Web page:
In terms of tourism, Brahmana said that trends may shift from Peninsula Malaysia to Sabah and Sarawak.
According to him, there are 3.2 million Indonesia tourists coming to Malaysia, and around 17 per cent of those are going to Sarawak — many for medical tourism. Only around four per cent are going to Sabah, likely because Indonesians can find the same eco attractions in Sabah in their own country.
“With people from Jakarta moving to Kalimantan, the proportion of Indonesians going to Sarawak, Sabah may increase,” he said, explaining that because they are from the same market, it is not an increase in Malaysia’s GDP, but for the two states.
A new niche market that East Malaysia can capitalise on is medical tourism, as most cities in Indonesia, including its big cities, lack medical infrastructure. But this also depends on connectivity.
“People from Jakarta and Surabaya are going to Penang and Malacca. From West Kalimantan, patients seek medical treatment in Kuala Lumpur and Kuching. From other parts of Kalimantan, including East Kalimantan, people usually fly to Kuala Lumpur and Malacca.
“So those who relocate to East Kalimantan may consider getting their medical treatments in Malaysia as it is still cheaper to travel to KL or Kuching rather than Jakarta or Surabaya,” he said.
In terms of modernity and popular culture, Kuching and Kota Kinabalu are ahead of other cities in Borneo, so regional tourism may increase if better connectivity can be established.
“There are no international or popular brands in Pontianak (West Kalimantan) so officers who are transferred to Pontianak may go to Kuching or those in Balikpapan-Samarinda (East Kalimantan) will go to Kuala Lumpur or Jakarta, just for the sake H&M or Uniqlo or Zara or Mango or even McDonald’s.
“It is similar in Balikpapan-Samarinda so if Sarawak or Sabah can provide the shopping destination for those officers, it may have some impact for Sarawak and Sabah’s tourism,” said Brahmana.
He suggested attractions like shopping complexes, theme parks — judging by the trend of Indonesians visiting the European-styled Santorini park in Thailand — as potential destinations which will be attractive to Indonesians.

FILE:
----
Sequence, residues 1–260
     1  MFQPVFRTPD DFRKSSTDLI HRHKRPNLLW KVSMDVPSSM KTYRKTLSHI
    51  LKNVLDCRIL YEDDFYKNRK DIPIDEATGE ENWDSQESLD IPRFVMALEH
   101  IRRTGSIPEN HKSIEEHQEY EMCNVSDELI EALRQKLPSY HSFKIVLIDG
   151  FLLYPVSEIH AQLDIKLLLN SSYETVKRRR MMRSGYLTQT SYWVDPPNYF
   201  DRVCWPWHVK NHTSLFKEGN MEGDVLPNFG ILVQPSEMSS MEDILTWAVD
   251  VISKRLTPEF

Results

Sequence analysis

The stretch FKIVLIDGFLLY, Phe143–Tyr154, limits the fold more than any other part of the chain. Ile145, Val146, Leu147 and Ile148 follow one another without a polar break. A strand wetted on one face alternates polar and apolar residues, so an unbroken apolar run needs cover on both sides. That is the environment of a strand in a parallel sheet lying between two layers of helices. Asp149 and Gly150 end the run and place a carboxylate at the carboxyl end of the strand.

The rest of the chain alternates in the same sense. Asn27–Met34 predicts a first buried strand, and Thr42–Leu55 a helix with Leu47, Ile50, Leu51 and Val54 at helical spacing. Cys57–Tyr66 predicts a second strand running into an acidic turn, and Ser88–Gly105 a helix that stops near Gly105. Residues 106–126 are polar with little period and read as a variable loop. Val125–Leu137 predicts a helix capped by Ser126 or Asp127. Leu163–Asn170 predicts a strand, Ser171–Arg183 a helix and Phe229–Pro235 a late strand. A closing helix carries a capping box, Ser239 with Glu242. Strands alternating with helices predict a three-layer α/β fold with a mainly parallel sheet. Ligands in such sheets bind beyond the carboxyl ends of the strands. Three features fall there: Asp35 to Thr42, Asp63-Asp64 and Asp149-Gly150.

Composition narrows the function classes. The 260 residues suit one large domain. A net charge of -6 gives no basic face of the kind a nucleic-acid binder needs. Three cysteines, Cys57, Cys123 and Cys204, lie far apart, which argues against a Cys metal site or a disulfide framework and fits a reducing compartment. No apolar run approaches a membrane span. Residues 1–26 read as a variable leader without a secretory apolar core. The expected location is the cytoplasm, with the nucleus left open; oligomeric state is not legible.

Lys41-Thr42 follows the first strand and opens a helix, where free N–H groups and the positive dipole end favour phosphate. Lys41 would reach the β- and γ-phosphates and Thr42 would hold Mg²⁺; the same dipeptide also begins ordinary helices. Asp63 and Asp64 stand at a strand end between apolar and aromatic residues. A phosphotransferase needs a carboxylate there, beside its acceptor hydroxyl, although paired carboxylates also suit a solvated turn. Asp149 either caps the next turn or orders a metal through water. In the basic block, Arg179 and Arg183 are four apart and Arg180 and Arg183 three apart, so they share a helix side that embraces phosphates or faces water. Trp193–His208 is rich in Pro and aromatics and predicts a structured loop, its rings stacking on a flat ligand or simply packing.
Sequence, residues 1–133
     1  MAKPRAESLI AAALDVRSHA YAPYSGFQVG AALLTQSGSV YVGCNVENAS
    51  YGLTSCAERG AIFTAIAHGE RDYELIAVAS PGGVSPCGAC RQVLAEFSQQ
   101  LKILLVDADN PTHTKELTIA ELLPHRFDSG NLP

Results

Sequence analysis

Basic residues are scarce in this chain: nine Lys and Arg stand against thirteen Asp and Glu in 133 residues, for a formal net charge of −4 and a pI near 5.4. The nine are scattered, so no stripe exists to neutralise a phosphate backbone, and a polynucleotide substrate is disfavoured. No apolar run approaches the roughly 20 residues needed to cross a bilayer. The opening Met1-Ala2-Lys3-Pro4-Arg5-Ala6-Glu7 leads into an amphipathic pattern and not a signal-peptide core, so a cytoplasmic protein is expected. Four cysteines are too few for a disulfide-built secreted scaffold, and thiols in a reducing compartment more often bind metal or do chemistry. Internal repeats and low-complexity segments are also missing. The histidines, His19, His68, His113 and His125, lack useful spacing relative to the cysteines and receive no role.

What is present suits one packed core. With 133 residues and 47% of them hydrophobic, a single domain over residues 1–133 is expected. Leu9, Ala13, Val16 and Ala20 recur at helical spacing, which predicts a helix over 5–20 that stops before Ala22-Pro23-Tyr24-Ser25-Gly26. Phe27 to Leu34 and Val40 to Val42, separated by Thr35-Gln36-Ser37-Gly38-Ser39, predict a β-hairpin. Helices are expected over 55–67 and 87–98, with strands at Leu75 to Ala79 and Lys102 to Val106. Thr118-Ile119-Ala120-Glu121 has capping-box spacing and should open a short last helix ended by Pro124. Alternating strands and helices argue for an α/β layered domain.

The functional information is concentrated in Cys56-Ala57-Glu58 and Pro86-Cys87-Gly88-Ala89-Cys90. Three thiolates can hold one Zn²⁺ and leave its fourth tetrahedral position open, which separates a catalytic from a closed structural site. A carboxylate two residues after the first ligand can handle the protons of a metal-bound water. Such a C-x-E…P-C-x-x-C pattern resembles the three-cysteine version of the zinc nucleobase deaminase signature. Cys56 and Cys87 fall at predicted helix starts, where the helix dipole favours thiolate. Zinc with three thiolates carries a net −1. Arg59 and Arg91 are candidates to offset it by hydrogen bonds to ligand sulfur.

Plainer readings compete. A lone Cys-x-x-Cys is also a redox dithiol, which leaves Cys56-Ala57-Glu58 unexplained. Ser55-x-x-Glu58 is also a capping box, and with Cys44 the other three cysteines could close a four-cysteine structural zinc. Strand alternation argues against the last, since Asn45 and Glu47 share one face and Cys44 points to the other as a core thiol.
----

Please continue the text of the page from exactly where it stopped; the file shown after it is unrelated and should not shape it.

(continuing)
“Another niche market for tourism is golf courses and spas. I’ve met many top officers like the directors and consulate generals and they complain that there are no good golf courses in Kalimantan and very few in Sarawak so they travel to Selangor or Johor for it,” he said.
Meanwhile, Universiti Teknologi Malaysia geostrategist Azmi Hassan said that environmental issues will be the key factor for Jakarta’s move, with Western media playing up the destruction of wildlife habitats.
“With negative news of palm oil plantations situated in Borneo I forsee environmental factor will add new constraints to the capital move,” he said, adding that it was difficult for both Malaysia and Indonesia to convince the public of their conservation efforts with the current narrative on palm oil plantations.
“Malaysia should support the Jakarta move and work together at the earliest possible time to promote Borneo environmental protection. Lesson learned when we react too late on palm oil biased propaganda,” he said.
Institute of Strategic and International Studies Malaysia (Isis Malaysia) analyst Muhammad Sinatra said that one good thing that can be expected is better security that can impede cross border crime.
“Indonesia’s capital relocation would shift the gravity of security framework, away from Jakarta and surrounding areas to Kalimantan. This means there will be an increased presence of police and military forces in and near the new capital,” said Sinatra, whos is in the organisation’s foreign policy and security studies programme.
“The increased security in Kalimantan could impede the movement of transnational crime activities between Sabah, Sarawak and Kalimantan, such as transfer of drugs,” he said.
Any illegal immigration pattern along the Borneo-Kalimantan border is also expected to see a downward trend as the military and police increase their presence in Kalimantan; as there will be pressure to resolve outstanding border issues.